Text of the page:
Most urban excreta were instead discharged into the urban waterscape. An assessment of the environmental impact of these nitrogen loads for the water quality for the different water bodies is difficult to produce and is subject to a high level of uncertainty. Some estimates, however, can be made. Around 1830 the amount of nitrogen discharged into the urban waterscape was around 7 times lower than in 1910, but its impact on the water quality of urban surface waters was higher. Excreta and wastewater was disposed of in the many small Danube tributaries within the city. In 1830 around 45 % of the nitrogen discharged landed in Wienfluss, the largest tributary (see Kohl 1905). Pollack (1912) assumes a flow rate at mean water level of 2 m3/s around 1830. Based on this assumption we can estimate the nitrogen concentration in Wienfluss.8 It suggests that the nitrogen concentration in this tributary was more than six times above present day permissible value.9 In the following decades discharge was relocated from the many small streams within the city to the river Danube in the periphery of the city. Based on information regarding the flow rate at mean water level of the Danube in Vienna (2,000 m3/s) and our estimate of the amount of nitrogen discharged into the river, we calculated the nitrogen concentration in the river water in the year 1910, the year with the highest annual nitrogen discharge rate: the concentration of nitrogen in the main arm of the Danube, when not accounting for the nitrogen input from industry and commerce, would have been significantly below the present day maximum permissible value. When also considering the discharge from industry and commerce, the nitrogen concentration would be considerably higher. But even the double amount of nitrogen discharged would yield a nitrogen concentration below the present day permissible value. Our rough estimate about the water quality of the Danube in Vienna at the turn of the century is in line with a comprehensive study carried out by the Hygiene Institute of the University of Vienna (Brezina 1906). In this study, the water quality of the Danube upstream of the city, in Vienna and downstream of Vienna was analysed. The study examined whether it was acceptable to discharge Vienna’s sewage into the Danube without treatment. The author concluded that it was acceptable because the self-purification of the river was sufficient for absorbing the sewage.10 He based his assumptions on chemical analyses.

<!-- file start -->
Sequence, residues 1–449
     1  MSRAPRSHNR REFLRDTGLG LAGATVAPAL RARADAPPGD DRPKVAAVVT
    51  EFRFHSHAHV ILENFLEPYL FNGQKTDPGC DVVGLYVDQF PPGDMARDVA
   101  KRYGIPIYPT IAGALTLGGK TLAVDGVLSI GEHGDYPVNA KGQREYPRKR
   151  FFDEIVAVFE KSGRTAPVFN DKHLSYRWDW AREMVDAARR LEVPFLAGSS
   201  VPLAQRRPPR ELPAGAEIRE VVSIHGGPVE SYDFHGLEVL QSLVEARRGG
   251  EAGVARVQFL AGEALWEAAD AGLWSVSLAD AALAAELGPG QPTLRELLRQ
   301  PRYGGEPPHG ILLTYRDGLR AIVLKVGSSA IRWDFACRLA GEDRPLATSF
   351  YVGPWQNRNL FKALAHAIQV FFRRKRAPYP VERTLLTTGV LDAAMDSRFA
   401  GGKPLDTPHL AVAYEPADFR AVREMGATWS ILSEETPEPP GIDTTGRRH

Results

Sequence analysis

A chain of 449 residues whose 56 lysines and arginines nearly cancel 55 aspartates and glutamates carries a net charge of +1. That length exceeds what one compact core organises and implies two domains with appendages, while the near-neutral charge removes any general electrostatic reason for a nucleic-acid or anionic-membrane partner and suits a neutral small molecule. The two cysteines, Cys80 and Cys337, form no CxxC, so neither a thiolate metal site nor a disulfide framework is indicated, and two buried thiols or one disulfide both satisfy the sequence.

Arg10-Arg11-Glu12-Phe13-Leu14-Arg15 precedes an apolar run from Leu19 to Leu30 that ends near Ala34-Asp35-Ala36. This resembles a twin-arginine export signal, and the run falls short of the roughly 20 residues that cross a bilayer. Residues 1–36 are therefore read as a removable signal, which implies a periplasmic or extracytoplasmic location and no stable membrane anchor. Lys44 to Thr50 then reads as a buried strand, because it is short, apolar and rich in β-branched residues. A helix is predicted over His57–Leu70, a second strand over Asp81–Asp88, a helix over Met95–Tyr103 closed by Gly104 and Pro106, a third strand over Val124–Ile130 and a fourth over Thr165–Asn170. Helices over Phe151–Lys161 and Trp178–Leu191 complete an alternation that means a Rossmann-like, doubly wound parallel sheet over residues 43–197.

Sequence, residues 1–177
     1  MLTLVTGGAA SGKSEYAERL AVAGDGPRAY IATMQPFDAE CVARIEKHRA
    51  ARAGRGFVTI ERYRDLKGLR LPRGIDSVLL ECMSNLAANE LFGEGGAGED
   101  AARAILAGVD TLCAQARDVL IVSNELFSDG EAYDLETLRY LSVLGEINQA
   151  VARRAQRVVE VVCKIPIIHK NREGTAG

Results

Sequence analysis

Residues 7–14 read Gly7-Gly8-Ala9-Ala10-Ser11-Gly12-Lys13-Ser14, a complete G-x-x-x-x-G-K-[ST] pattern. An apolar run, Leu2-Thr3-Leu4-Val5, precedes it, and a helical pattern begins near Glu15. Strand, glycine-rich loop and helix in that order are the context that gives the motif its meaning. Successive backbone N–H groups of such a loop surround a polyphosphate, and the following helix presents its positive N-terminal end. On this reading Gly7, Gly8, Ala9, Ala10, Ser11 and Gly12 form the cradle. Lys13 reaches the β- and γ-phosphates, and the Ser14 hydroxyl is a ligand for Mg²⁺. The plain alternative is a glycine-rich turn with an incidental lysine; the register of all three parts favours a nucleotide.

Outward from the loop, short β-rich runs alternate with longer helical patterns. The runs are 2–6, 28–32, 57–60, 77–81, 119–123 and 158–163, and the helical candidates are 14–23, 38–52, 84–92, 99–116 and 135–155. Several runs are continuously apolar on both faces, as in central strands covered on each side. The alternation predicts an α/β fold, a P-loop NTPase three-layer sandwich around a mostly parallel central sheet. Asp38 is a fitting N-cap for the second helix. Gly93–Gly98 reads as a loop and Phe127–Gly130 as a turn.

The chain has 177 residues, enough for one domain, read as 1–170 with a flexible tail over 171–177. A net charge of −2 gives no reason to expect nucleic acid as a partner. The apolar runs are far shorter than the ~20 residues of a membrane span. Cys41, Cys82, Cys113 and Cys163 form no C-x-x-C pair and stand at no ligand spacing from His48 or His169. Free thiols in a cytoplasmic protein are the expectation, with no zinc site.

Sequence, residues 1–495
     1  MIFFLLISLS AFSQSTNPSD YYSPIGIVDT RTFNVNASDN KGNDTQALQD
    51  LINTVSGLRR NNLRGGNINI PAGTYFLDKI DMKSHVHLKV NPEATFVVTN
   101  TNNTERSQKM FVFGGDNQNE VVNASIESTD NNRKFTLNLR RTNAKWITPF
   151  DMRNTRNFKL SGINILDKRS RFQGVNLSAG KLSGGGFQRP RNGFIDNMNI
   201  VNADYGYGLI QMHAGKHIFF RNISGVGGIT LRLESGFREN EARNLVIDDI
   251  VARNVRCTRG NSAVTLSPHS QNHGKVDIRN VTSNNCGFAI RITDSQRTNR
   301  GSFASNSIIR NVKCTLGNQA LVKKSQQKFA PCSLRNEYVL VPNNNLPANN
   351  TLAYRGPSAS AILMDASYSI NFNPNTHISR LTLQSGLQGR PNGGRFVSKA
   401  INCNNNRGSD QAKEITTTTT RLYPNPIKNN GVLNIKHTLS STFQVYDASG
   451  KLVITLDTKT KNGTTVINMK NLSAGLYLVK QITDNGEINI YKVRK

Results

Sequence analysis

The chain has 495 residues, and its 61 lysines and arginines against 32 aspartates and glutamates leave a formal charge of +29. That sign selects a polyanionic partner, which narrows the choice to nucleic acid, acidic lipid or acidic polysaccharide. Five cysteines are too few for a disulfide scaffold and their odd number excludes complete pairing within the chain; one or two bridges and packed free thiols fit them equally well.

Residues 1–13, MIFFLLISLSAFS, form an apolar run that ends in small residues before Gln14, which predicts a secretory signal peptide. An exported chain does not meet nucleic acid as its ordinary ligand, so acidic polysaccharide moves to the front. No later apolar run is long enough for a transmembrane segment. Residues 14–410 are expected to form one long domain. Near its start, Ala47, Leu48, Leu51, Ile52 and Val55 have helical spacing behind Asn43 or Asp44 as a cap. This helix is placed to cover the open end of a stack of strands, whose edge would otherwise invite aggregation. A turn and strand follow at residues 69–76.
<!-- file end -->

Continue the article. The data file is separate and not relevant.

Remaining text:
Wastewater discharge had impacts on the water quality of the different water bodies. Firstly, water quality in the smaller tributaries and the Wienfluss was deteriorating. After the outbreak of cholera in 1830, intercepting sewers were installed along the Wienfluss and the streams were incorporated one by one into the sewage system. The problem was then shifted towards the Donaukanal, which had to absorb an ever-increasing amount of wastewater. Sanitary considerations drove the construction of intercepting sewers along the Donaukanal in the last decade of the nineteenth century, after which the wastewater was discharged into the Donaukanal shortly before the point at which it reunited with the main arm of the Danube. This was perceived as unproblematic by contemporaries, because of the self-purification of the Danube.11 Present day analyses of nitrogen concentration come to similar conclusions. When returning to the question of why sewage was not used for agricultural purposes in Vienna, another hypothesis could be that the pressure discharge placed upon the receiving river was not as high as, for example, in Paris and the Seine, where sewage farms were built.